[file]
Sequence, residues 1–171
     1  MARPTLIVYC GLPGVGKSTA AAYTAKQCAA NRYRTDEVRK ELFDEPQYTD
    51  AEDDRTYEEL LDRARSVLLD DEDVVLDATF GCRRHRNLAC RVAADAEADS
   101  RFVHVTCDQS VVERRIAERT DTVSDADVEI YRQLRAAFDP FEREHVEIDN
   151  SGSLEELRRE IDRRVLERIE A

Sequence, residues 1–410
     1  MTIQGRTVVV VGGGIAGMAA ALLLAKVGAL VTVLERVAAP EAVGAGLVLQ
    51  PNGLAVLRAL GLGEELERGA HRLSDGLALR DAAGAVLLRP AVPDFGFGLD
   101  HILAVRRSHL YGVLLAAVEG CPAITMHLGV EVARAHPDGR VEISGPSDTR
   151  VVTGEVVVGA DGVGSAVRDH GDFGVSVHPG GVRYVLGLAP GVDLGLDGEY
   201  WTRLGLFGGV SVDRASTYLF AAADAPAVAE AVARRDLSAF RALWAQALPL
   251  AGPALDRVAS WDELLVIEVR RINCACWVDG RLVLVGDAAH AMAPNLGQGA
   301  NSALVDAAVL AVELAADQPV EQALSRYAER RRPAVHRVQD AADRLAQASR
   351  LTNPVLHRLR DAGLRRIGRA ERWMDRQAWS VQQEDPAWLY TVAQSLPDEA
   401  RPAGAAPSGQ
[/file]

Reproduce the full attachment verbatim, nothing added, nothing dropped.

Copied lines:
Sequence, residues 1–171
     1  MARPTLIVYC GLPGVGKSTA AAYTAKQCAA NRYRTDEVRK ELFDEPQYTD
    51  AEDDRTYEEL LDRARSVLLD DEDVVLDATF GCRRHRNLAC RVAADAEADS
   101  RFVHVTCDQS VVERRIAERT DTVSDADVEI YRQLRAAFDP FEREHVEIDN
   151  SGSLEELRRE IDRRVLERIE A

Sequence, residues 1–410
     1  MTIQGRTVVV VGGGIAGMAA ALLLAKVGAL VTVLERVAAP EAVGAGLVLQ
    51  PNGLAVLRAL GLGEELERGA HRLSDGLALR DAAGAVLLRP AVPDFGFGLD
   101  HILAVRRSHL YGVLLAAVEG CPAITMHLGV EVARAHPDGR VEISGPSDTR
   151  VVTGEVVVGA DGVGSAVRDH GDFGVSVHPG GVRYVLGLAP GVDLGLDGEY
   201  WTRLGLFGGV SVDRASTYLF AAADAPAVAE AVARRDLSAF RALWAQALPL
   251  AGPALDRVAS WDELLVIEVR RINCACWVDG RLVLVGDAAH AMAPNLGQGA
   301  NSALVDAAVL AVELAADQPV EQALSRYAER RRPAVHRVQD AADRLAQASR
   351  LTNPVLHRLR DAGLRRIGRA ERWMDRQAWS VQQEDPAWLY TVAQSLPDEA
   401  RPAGAAPSGQ